Thursday, December 20, 2012
Two independent, outside reports have been completed concerning the academic scandal in the Department of African and Afro-American Studies at the University of North Carolina. The reports are available here. The problems are even more extensive than previously reported.
Here is a summary of the findings from the UNC Website:
"Martin said that the problems uncovered were academic in nature rather than athletic. His key findings, based on reviewing courses taken by all UNC undergraduates between 1994 and 2012, included:
The anomalous courses discovered in African and Afro-American studies extended as far back as fall 1997.
The percentage of student-athletes enrolled in the anomalous course sections was consistent with the percentage of student-athletes enrolled in all courses offered by the department.
No academic misconduct or anomalies were found outside of African and Afro-American studies in other academic departments or units.
The same two people previously implicated were responsible: Professor Julius Nyang’oro, who resigned as the department’s first chair and was forced to retire last July, and former department administrator Deborah Crowder, who retired in 2009.
The Martin report review team spent about four months examining 18 years (1994 to 2012; 68 academic terms) worth of academic data about all undergraduate classes at the University. The team reviewed 172,580 course sections and more than 4.6 million data elements. They interviewed more than 80 faculty, staff, students and other stakeholders and analyzed information previously reported through the internal reviews."
The main report (here) identified 216 course sections with proven or potential anomalies. The report also identified 454 potential unauthorized grade changes (changes without approval of the instructor of record). Academic anomalies included: courses where students completed work and received grades without the course being supervised or graded by an instructor of record, courses that were designed to include regular classroom time and instructor contact but were offered with limited to no classroom or other instructional contact, irregularities with independent study courses , and related to temporary grades and unauthorized grade changes, either temporary or permanent, and submitted student grade rolls or change of grade forms that instructors of record do not remember having signed or approved.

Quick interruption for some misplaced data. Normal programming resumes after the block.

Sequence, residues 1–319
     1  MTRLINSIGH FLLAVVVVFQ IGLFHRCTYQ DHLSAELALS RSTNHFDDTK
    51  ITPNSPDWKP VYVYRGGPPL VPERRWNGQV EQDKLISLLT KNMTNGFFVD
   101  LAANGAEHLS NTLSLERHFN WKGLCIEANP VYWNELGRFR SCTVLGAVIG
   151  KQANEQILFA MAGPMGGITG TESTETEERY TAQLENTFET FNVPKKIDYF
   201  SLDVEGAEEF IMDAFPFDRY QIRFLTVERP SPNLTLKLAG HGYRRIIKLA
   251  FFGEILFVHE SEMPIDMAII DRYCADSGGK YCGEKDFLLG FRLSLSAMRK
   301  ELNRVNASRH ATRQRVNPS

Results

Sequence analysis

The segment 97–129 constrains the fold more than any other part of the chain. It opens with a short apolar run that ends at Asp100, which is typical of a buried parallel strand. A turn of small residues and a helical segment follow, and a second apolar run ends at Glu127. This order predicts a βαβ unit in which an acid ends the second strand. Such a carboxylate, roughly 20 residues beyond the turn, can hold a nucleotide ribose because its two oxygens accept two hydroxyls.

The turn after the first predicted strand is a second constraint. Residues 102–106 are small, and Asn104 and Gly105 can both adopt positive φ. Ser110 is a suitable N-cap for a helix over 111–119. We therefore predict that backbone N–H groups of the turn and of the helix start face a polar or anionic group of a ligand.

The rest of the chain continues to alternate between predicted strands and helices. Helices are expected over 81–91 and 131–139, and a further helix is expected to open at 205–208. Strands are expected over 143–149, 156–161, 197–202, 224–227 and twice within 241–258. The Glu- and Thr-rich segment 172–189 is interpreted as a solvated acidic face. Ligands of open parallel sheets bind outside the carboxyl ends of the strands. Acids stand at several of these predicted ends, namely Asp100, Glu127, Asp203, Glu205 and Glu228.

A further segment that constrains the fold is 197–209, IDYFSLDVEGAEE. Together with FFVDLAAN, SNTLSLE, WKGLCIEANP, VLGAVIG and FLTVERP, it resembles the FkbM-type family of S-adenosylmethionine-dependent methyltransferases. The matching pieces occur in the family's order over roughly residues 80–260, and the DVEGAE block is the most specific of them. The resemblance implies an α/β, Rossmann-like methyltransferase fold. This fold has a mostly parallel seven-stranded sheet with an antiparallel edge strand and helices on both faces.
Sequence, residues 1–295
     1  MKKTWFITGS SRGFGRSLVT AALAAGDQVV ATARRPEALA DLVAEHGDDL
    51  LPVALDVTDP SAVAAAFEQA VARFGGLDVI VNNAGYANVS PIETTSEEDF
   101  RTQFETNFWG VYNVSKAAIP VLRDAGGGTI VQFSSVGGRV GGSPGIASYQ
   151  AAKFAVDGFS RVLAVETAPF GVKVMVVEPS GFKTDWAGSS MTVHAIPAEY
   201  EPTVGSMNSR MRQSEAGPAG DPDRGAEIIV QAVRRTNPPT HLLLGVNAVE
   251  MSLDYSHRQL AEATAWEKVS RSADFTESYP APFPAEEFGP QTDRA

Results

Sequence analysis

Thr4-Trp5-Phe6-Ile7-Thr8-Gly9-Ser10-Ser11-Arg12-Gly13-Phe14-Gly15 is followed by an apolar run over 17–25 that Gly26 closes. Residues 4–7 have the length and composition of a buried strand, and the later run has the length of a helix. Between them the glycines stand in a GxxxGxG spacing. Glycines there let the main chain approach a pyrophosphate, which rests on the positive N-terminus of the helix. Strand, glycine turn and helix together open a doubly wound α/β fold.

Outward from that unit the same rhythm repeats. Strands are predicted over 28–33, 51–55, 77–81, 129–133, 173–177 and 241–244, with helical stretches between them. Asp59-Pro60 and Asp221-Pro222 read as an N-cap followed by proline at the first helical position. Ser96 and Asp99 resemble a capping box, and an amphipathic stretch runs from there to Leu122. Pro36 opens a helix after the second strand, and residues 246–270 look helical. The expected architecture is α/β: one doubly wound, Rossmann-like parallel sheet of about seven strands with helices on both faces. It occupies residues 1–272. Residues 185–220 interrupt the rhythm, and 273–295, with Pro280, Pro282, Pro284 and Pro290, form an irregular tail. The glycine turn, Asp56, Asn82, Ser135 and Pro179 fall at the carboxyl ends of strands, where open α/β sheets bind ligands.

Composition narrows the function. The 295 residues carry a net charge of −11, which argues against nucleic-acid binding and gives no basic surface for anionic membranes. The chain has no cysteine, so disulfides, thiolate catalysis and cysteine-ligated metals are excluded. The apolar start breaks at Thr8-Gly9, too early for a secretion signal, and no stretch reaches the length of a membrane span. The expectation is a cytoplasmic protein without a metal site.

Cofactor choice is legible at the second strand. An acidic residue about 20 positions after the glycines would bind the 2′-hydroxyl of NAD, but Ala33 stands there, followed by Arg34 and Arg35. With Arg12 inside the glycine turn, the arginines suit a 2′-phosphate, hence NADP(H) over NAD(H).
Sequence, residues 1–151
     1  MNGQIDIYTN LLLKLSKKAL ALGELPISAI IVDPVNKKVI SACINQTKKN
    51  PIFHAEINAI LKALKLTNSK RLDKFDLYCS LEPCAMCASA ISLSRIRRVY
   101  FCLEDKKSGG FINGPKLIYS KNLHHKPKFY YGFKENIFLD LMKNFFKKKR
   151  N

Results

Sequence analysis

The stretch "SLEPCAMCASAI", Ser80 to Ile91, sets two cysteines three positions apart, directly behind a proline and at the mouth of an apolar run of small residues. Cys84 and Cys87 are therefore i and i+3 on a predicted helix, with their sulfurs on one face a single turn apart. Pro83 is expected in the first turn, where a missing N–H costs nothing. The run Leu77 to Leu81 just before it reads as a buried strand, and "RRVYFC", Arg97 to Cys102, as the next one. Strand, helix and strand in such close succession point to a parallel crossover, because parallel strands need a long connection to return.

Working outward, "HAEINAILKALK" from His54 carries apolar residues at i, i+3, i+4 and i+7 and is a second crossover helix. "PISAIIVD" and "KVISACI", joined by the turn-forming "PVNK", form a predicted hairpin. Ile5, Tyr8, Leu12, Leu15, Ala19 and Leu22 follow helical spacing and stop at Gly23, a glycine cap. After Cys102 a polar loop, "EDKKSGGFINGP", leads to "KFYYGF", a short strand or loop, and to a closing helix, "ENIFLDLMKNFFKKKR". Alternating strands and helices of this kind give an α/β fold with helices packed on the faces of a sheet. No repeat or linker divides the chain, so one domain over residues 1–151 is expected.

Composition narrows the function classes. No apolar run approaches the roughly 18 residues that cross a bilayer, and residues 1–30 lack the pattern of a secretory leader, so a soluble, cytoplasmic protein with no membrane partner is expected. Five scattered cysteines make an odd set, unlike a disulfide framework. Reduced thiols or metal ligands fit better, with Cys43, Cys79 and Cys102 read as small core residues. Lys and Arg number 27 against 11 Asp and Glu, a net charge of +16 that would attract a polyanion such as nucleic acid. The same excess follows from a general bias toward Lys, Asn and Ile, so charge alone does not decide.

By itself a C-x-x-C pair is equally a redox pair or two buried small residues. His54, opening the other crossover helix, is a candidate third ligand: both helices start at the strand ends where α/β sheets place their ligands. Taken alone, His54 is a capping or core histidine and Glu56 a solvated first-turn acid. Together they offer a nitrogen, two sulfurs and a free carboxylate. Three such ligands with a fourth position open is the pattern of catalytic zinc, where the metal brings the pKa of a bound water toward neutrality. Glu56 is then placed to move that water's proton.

As an alumnus of UNC, I am very disappointed. Universities and their personnel should be serving as role models to their students. UNC has failed miserably at this task. How can we teach ethics and professional identity to students if our institutions and their personnel so blatantly break the rules?
Chancellor Holden Thorp’s Opening Remarks UNC Board of Trustees Meeting December 20, 2012 (full remarks here) are also troubling:
"Carolina has always been the most important institution in my life, and I know that’s true for many of you too. So I approach this day with a mix of sadness, anger… and hope.
Sadness because of the toll that this has taken on the University and the people who love it. Anger because of the irresponsible actions of two people."
Sadness because of the toll that this has taken on the University and the people who love it.
Anger because of the irresponsible actions of two people."
What bothers me about this statement is the focus on the actions of two people. The problems at UNC could not have occurred without a total absence of academic oversight within the Department and from the central administration. The Chancellor does add, " We made mistakes in the past. We were complacent. We didn’t ask the hard questions that we should have asked. And we didn’t live up to our reputation. We have to acknowledge that we had an environment in which we placed too much trust in people and not enough emphasis on having the systems in place that would have caught these issues." However, this statement grossly understates UNC's responsibility to its students, its alumni, and the community. The UNC administration should take full responsibility for its mistakes and wrongdoing, rather than making self-serving statements like the above.
I hope that other universities, including law schools, learn from my alma mater's mistakes.
For more on the problems at UNC see this article in the Raleigh News & Observer.